The other side of the river

Before I had my sudden call for surgery the other day, I’d been walking the dogs in the field opposite us for a week or so, as my usual Riverside Walk had been just too busy for my stress levels, full of people with either no care for or understanding of social distancing. I had emailed the farmer and asked his permission – I know he doesn’t like people walking in the fields, but at the same time I know he’s a reasonable guy, so I told him about our situation, shielding and all that, and he was completely fine with it of course.

So now I could head up the road, happy in the knowledge that no-one was going to tell me off, and wander around the field taking photos at my leisure. The road has been lovely and quiet recently…

…and the hedgerows refreshingly pollutant-free…

Woody likes the sticky buds for some reason we haven’t figured out, and has to chew at them every chance he gets.

But then we’re at the field gate, which is tied together, mostly to stop it falling over I think, but it means it’s over it for me, and under it for the dogs.

The field eventually goes down to the other side of the river, but you have to get there first. It’s not the most exciting trek down there, but the dogs don’t care – as soon as they’ve figured out who’s going to chase who…

…they’re off!

The hedgerow will soon be full of flowers and insects of course, but for now it’s mostly bare-branched hedge, with the occasional frosted Celandine.

The hedges have a decent variety of birdlife in them – everything from Goldfinches to Long-Tailed Tits, and of course a gaggle of sparrows.

Today though there were only sparrows, but this one did at least sit still long enough for me to get a decent photo, even though I had both dogs pulling at my camera arm.

Once you get to the side of the field, there is a ditch that serves both as a field boundary and as a storm drain. Woody is usually desperate to go into the other field, because that’s where the pheasants are, but it’s also where the cows are, and we don’t want to upset them, and thus the farmer. So Woody just has to be content to stare at the field and move on….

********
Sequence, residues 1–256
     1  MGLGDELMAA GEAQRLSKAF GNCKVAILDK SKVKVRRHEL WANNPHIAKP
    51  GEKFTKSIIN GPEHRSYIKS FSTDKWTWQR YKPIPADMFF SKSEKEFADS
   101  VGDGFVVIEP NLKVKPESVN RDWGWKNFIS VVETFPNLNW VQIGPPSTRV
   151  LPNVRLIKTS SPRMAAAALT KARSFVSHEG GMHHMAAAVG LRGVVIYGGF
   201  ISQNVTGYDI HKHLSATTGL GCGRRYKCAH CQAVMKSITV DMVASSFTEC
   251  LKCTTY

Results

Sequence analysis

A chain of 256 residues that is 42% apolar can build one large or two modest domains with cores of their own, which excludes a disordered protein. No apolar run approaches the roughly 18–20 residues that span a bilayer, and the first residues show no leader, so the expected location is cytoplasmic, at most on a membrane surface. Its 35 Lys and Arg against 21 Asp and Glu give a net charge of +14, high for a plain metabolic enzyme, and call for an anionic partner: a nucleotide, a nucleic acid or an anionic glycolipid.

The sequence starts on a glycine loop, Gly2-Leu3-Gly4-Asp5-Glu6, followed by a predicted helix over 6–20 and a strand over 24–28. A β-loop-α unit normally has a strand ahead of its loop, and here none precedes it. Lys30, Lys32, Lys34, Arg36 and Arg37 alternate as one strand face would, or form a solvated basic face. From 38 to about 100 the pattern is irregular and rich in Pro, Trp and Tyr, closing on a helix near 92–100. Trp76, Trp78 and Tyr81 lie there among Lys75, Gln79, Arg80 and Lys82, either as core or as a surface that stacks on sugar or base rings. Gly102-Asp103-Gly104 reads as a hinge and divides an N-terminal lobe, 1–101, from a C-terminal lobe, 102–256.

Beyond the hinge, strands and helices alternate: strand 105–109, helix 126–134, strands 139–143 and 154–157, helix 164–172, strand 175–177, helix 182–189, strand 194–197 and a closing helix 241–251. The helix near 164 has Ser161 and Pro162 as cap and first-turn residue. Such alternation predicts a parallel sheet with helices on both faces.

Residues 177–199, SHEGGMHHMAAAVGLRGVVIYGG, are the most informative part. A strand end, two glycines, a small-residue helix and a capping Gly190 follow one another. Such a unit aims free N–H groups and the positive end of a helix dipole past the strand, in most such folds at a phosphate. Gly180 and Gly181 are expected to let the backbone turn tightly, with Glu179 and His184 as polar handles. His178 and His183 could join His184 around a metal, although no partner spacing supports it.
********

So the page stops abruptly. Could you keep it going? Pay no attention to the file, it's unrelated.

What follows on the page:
…once they’d inspected the large holes in the ditch, which I presume are badger sets.

They might just be large rabbit holes of course, as there are a good few rabbits around, although this morning there was obviously one less…

But then you finally get to the river. Not quite sure why the dogs were this interested in the junction of the ditch and the river – it is of course possible they were trying to work out why I was so interested in it!

Woody and Riley were a little confused as to why they couldn’t join the other dogs over the river…

But they were soon distracted by all the untrampled smells of the field…

The distant buildings are the remains of an old farm, currently for sale. I often have the lottery win daydream of buying them and the field and turning it all into a nature reserve!

The other beauty of having a field all to yourself of course is that the wildlife is much less disturbed – these two Small Tortoiseshells were quite unperturbed by our presence.

It may be the same one of course, I don’t know – there were a good few chasing each other around.

The nice thing about walking on this side of the river is that you get views that you can’t get from the official walk, some of which are lovely…

…and some not so lovely. Not that the dogs care – they’re just happy to be able to get down to the river for a paddle and a drink.

On one of the bends, there seems to be a Kingfisher burrow, as we’ve seen one (and on one occasion two) suddenly zipping out and away from us.

Very blurry of course – I was pretty much shooting from the hip and hoping for the best – but exciting to have them nesting there. However, while I would love to stake out the site and get better photographs, I think this desire will just have to be tempered by the need to leave them to raise their young in peace for the moment. Maybe next year I’ll get a pop-up hide and set up on the opposite bank with the big lens.

And then it’s pretty much back the way we came, and home. It’s not the most exciting walk in the world, but it is at least people-free, and with a few photo opportunities. Not that I’ll be climbing over gates for the next few weeks mind you, or even walking the dogs at all for a week or two, but at least it’ll still be there when I’m all healed up.

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